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BOJ: Jamaican dollar stability not hurting export competitiveness

Officials of the Bank of Jamaica, BOJ, have put up a stout defence, pushing back against criticisms in some quarters that the relative stability in the exchange rate of the Jamaican dollar, particularly against its main US dollar counterpart, is hurting the competitiveness of the country’s export sector, including tourism.

Tourism is classified as a service export.

On the contrary, the BOJ has argued that there have been appreciable competitiveness gains when the real exchange rate, and not the nominal rate, as well as the economic reform programme pursued over the past decade by successive administrations are taken into account.

The nominal exchange rate is set by the local currency market, as determined by demand and supply for foreign currency and displayed by banks and other money changers, while the real, or effective, rate measures the actual purchasing power of the local currency in foreign markets.

The central bank has been deliberately utilising policy tools and active interventions in the foreign exchange market to ensure its stability — evening out periods of decline in the value of the JMD with periods of the currency’s appreciation against the US dollar. The endgame, the central bank has repeatedly pointed out, is bringing down inflation, which for months has overshot the targeted range, resulting in continued price increases for consumers.

Annual inflation fell to 10.2 per cent in July, but is still well outside the 4 to 6 per cent target band.

During last week’s quarterly briefing on monetary policy, BOJ Deputy Governor Dr Wayne Robinson emphasised that the central bank constantly monitors factors, including the inflation and exchange rates in Jamaica’s major trading partners and rival tourism markets, to gauge the competitiveness of the local export sector. He added, too, that maintaining and increasing local export competitiveness required increases in productivity, rather than depreciation in the local currency.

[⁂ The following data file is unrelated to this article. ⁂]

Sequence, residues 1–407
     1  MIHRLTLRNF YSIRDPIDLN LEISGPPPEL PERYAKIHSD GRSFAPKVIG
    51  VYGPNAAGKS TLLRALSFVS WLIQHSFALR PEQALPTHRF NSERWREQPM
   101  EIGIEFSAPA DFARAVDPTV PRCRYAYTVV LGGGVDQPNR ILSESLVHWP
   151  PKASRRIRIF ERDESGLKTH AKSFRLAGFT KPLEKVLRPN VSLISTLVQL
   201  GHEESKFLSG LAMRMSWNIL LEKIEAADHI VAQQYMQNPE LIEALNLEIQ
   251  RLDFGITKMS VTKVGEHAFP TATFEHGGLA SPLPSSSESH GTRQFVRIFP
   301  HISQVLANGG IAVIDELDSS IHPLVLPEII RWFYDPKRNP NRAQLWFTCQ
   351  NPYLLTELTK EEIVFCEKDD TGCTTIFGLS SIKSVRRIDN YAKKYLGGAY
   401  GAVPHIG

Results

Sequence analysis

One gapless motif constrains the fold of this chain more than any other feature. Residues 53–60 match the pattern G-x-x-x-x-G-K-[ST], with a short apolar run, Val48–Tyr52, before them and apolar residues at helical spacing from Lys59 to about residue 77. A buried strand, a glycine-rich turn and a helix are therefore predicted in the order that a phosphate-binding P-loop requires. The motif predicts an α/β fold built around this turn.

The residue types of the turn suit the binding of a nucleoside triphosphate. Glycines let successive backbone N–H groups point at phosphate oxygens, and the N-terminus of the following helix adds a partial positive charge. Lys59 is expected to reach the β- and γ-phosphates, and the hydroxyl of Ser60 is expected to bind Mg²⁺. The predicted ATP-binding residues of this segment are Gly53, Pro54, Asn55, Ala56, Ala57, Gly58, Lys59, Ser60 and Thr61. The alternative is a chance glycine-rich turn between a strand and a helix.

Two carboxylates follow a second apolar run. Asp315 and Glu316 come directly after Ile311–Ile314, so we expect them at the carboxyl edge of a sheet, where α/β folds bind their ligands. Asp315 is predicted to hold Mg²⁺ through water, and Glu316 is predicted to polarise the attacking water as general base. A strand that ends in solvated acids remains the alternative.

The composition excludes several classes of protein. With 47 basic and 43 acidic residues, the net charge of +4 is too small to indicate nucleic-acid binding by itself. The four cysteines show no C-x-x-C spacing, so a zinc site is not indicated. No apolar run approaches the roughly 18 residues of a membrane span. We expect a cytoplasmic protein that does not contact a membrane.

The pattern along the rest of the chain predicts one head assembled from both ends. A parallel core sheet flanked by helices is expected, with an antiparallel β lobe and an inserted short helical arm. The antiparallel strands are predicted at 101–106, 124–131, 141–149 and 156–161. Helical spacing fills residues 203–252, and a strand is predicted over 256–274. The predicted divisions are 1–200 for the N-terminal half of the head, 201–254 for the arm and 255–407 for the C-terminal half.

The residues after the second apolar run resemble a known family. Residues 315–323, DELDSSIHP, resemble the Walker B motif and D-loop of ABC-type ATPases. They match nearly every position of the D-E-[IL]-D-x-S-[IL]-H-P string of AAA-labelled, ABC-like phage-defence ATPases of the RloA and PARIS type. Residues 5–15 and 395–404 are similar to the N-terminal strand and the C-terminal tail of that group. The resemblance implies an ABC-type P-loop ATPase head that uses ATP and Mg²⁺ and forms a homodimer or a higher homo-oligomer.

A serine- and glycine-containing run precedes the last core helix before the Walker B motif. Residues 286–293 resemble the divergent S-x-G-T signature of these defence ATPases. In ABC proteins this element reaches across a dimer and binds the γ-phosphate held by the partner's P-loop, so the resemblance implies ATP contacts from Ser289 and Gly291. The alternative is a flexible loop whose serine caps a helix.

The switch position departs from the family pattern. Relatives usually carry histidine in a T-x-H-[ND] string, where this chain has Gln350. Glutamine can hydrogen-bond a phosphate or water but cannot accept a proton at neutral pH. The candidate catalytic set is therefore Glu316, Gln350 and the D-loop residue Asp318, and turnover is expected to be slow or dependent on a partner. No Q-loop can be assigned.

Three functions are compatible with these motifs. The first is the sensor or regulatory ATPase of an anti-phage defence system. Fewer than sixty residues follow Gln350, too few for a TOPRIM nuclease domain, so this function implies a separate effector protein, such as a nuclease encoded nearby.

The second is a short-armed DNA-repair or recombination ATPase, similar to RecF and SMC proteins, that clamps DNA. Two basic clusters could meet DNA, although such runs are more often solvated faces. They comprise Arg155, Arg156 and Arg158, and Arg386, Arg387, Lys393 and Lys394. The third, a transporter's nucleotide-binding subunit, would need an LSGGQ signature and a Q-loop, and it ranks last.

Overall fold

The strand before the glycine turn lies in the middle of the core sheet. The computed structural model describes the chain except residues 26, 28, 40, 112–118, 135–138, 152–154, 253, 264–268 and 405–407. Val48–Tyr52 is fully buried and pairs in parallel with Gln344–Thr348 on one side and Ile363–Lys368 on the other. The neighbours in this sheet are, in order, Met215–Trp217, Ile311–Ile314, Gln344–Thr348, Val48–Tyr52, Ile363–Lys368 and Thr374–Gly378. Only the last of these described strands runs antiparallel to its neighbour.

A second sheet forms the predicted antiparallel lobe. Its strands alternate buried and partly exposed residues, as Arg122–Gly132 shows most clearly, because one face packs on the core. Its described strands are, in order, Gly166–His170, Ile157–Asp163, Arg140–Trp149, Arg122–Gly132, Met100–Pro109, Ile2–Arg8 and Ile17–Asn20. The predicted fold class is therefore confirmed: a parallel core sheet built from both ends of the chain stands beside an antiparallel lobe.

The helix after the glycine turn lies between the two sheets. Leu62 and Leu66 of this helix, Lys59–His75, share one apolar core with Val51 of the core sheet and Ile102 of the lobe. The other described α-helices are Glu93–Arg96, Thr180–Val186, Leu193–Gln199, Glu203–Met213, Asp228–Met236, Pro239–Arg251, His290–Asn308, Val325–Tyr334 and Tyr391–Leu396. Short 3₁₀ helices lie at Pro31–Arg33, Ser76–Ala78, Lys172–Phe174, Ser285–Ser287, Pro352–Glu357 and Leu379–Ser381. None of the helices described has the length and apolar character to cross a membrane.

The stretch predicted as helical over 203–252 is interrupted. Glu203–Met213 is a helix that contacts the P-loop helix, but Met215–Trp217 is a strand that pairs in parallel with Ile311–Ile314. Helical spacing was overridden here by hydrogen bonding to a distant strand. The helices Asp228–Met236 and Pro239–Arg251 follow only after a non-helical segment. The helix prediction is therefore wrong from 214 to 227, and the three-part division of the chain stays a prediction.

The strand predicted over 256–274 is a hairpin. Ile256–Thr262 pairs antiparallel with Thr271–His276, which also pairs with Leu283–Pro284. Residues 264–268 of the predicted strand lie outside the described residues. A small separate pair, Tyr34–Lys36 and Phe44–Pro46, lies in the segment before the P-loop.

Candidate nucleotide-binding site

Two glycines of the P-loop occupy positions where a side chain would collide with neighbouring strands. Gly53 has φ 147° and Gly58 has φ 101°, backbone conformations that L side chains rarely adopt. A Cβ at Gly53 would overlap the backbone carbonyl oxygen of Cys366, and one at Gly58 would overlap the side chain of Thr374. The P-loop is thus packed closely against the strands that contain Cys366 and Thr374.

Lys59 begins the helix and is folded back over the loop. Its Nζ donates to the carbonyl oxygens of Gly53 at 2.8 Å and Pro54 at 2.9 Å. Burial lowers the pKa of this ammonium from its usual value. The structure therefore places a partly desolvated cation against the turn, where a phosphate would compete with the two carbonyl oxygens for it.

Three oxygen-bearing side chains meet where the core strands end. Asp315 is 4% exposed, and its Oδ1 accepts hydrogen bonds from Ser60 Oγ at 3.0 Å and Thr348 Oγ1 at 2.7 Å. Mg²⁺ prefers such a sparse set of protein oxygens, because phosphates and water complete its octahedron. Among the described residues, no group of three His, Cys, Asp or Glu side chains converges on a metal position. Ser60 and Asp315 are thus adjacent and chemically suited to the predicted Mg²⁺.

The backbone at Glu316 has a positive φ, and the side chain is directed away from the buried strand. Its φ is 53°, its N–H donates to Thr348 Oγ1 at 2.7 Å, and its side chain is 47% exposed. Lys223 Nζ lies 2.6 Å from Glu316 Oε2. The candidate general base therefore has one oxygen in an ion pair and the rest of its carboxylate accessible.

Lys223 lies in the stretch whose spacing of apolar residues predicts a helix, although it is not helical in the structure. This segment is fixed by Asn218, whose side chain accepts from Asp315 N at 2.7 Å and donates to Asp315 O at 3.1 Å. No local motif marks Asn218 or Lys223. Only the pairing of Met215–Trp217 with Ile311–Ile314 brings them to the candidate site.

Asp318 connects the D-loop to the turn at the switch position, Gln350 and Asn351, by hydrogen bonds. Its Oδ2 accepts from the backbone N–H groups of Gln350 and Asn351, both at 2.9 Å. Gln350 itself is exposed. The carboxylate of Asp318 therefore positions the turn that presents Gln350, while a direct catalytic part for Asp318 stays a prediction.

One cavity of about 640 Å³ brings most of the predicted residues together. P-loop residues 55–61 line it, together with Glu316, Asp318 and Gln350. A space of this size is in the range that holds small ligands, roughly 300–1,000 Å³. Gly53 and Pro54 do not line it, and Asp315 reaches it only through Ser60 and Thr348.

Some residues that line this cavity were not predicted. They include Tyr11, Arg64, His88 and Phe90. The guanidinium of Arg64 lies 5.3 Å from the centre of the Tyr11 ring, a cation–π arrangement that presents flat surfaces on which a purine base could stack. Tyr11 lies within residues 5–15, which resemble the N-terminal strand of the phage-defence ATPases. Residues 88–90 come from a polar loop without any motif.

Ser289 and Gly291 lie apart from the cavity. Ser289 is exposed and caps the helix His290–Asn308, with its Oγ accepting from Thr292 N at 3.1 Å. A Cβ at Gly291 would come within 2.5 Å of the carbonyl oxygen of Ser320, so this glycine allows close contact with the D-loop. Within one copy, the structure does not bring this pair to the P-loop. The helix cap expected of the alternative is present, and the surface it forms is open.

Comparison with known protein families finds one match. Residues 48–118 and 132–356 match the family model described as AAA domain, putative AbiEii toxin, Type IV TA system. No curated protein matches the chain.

“In principle, if inflation exceeds that of our major trading partners or competitors, the exchange rate will have to depreciate by that difference so as not to hurt the profitability of our domestic exporters; in other words, in order to maintain competitiveness,” said Robinson.

“So routinely, every month we look at how these two variables are moving. We look at how our trading partners’ inflation is moving, and we look at how our trading partners’ exchange rates are moving against our own inflation and exchange rate.”

He conceded that there have not been any major competitiveness gains based on the inflation and exchange rate measures, but added that here have not been any losses in competitiveness either, saying Jamaica has seen a 1.3 per cent increase in real exchange rate-measured competitiveness.

“If we should look at a shorter time horizon between October and June, which is when we adopted a stronger monetary policy stance, there would have been no change in competitiveness. The real effective exchange rate would have been basically flat,” Robinson said.

“One may argue that we need to continuously improve competitiveness, and we agree on that, and as such, the movement in competitiveness has not been a lot or has been slow. But we also must bear in mind that if we look over the past 10 or so years, because of the adjustments that we have had under the economic reform programme, we would have gained a significant amount of competitiveness in terms of the real effective exchange rate of about 14 per cent,” he added.

The central banker underscored the need for continued monitoring of the competitiveness metric, but stressed that similar focus must be placed on productivity improvements to achieve competitiveness enhancement.

“Maintaining competitiveness is best assured when we have two critical factors. The first is when inflation itself is brought down closer and more consistent with the inflation in our trading partners, and the bank is committed to that objective. The other factor that underpins the competitiveness of our export sector is improving productivity,” said Robinson.

“The bottom line is that we are not seeing any fallout in the competitiveness of the exchange rate from the stability, but this is something that we have to continue to watch very carefully,” he added.

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